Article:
Chapter 5 - Composition
This chapter describes in more detail how applications are assembled into composites. Its about service bindings, performance, properties, including other composites.

Chapter 6 - Policy
This chapter is about policies wich include authentication, encryption, signing, reliability, transaction propagation.

Chapter 7 - Wires
This focuses more in details the possibilities with wiring components. It uses the Inversion of Control pattern to inject dependencies. This can be automatically done by the SCA runtime or at configuration level.

Chapter 8 - Bindings
Bindings are used to expose the services of components to external clients. This chapter describes it in more detail. It covers the usage of WSDL and JMS.

Chapter 9 - The Domain
The domain is the SCA runtime in which management, policies administration, communication infrastructure and resource sharing is handled. There are local, distributed and federated domains. Components are installed as contributions within the domain.

Chapter 10 - Service-Based development using BPEL
The BPEL is also taken as an example to develop SCA components. Some SCA extensions to bpel are covered.

Chapter 11 - Persistence
This chapter describes a way to incorporate persistency into the services. Persistency is not part of the SCA standard. It covers JDBC and JPA.

Chapter 12- Presentation
Also the presentation layer is not part of the SCA. This chapter describes the way to integrate with technologies like JSP and servlets.

SCA is Spring in the large that uses the Dependency Injection pattern to wire components into composite services. Note however that Spring also has Spring Integration for integrating distributed components.

Oracle SOA Suite 11g supports the SCA way of working, so that is a good base for its adaptation, but I wonder if you always need this kind of flexibility of protocols used between components. And the configuration based approach may also be a reason for some not to use it.
I have not seen it used within the projects i worked for, but i am curious in using it within the Oracle SOA Suite.
It is a great book to get you introduced into the SCA standard.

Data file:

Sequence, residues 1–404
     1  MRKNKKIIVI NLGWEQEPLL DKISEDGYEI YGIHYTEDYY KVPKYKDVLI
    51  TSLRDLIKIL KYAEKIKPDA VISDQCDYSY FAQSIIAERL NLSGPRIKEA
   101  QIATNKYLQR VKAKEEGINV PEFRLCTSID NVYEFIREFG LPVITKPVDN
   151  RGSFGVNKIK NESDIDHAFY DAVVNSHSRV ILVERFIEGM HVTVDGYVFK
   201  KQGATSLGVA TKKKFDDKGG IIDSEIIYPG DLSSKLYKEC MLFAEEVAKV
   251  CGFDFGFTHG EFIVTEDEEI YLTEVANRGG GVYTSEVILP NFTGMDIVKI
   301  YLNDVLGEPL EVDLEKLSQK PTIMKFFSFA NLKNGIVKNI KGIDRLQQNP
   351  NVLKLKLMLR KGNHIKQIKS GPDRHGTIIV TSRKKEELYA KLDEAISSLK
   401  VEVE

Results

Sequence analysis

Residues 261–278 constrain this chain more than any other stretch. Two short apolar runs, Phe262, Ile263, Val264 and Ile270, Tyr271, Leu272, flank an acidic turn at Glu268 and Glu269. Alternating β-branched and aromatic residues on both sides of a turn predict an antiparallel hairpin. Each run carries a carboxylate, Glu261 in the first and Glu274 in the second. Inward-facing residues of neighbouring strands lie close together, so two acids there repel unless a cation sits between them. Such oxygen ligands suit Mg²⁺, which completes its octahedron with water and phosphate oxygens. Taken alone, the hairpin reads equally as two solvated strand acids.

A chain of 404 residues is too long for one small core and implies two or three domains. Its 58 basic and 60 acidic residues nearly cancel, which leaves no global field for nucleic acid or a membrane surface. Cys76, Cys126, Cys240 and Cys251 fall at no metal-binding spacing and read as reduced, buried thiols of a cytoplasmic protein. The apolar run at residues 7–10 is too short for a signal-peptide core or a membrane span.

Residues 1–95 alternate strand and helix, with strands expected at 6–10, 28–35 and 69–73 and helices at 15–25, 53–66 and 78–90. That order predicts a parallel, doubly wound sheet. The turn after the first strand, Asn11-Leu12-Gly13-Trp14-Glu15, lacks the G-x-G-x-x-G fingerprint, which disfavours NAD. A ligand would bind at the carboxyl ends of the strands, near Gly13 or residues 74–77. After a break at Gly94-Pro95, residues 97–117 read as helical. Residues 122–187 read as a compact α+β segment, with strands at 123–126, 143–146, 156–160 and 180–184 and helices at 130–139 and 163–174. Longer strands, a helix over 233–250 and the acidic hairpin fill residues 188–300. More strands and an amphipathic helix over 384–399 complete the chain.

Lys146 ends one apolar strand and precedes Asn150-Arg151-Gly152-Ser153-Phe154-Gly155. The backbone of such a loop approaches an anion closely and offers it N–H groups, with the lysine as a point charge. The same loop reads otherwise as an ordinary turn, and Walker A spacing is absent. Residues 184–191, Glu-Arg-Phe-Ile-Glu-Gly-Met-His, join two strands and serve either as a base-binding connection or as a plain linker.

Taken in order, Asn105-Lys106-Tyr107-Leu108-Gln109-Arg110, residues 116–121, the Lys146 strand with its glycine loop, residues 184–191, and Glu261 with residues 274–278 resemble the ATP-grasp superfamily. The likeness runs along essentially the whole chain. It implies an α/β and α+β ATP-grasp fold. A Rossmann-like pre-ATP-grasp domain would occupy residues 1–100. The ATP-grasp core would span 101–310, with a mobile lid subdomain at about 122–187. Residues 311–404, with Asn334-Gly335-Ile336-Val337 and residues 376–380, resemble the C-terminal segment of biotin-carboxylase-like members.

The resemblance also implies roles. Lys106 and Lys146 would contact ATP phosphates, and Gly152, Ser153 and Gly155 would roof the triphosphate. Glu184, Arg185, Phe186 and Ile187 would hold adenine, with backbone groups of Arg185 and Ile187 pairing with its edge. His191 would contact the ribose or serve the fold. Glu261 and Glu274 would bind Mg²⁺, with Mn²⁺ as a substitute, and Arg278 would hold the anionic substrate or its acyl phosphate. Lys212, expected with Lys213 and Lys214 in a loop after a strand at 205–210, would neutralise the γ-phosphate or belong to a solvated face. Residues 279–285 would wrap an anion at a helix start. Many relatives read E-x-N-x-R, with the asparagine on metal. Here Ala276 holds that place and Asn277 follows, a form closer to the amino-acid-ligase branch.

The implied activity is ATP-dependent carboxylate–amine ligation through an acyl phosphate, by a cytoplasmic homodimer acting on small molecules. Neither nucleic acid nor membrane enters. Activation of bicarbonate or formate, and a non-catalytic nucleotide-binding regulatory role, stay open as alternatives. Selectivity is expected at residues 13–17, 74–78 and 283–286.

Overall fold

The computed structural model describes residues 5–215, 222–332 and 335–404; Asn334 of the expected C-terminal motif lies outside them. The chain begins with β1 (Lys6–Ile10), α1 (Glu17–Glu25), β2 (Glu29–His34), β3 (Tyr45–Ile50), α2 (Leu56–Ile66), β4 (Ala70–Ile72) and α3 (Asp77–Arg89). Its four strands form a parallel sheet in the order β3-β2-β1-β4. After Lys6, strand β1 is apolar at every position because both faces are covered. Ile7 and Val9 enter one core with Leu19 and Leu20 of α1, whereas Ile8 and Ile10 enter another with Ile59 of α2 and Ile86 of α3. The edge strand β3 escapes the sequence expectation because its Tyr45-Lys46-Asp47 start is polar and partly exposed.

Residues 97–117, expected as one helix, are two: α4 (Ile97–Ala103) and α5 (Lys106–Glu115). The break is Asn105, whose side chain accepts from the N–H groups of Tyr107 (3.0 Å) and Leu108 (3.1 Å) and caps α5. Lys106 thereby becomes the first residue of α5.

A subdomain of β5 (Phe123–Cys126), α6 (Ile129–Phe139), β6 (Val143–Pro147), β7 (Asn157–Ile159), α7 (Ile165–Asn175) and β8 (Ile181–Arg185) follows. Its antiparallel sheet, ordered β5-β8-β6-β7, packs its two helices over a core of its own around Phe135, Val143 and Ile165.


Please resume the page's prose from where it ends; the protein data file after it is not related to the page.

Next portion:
Some interesting links on SCA


What happened with SOA?

I came accross this article about the question "What happened to SOA?"

It is stated that the technical SOA part is a succes but within the whole enterprise it fails (most of the time).
It fails most of the time because its still is damn difficult to close the gap between business and IT and SOA does not help either as hard numbers, blogs and experience show.

What came to my mind were two things,
  1. enterprise architecture must give you control over your IT (applications, hardware and interfaces). If you reach this point, it does not matter how it is setup (SOA may help). As long as you can keep the operational costs low. So make posters and communicate the architecture, something i see rarely done.
  2. Projects are too complex and big, so maybe we should start thinking small features/processes and use Agile methologies and start having multidiscipline teams with business representatives in it, instead of staying in the ivory towers of the IT department.


Why not do Agile (EAI/SOA) projects?

The Agile approach is not new anymore, but still I see problems with trying to do projects the Agile way.
What I see:
  1. Business plans have to be made with functionality and ROI upfront
    This does not fit the Agile way (Customer Collaboration over contract negotiation). The ROI is sometimes hard to calculate and what you see are naive numbers just to get the project approved. Furthermore it is a long and costly phase. Of course you have to discuss if a functionality is worthwhile.